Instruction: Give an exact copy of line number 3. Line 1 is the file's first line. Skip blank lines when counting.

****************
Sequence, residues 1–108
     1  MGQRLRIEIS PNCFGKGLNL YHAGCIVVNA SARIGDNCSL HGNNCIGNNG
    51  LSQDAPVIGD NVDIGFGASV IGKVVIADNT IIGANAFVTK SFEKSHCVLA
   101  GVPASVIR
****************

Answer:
    51  LSQDAPVIGD NVDIGFGASV IGKVVIADNT IIGANAFVTK SFEKSHCVLA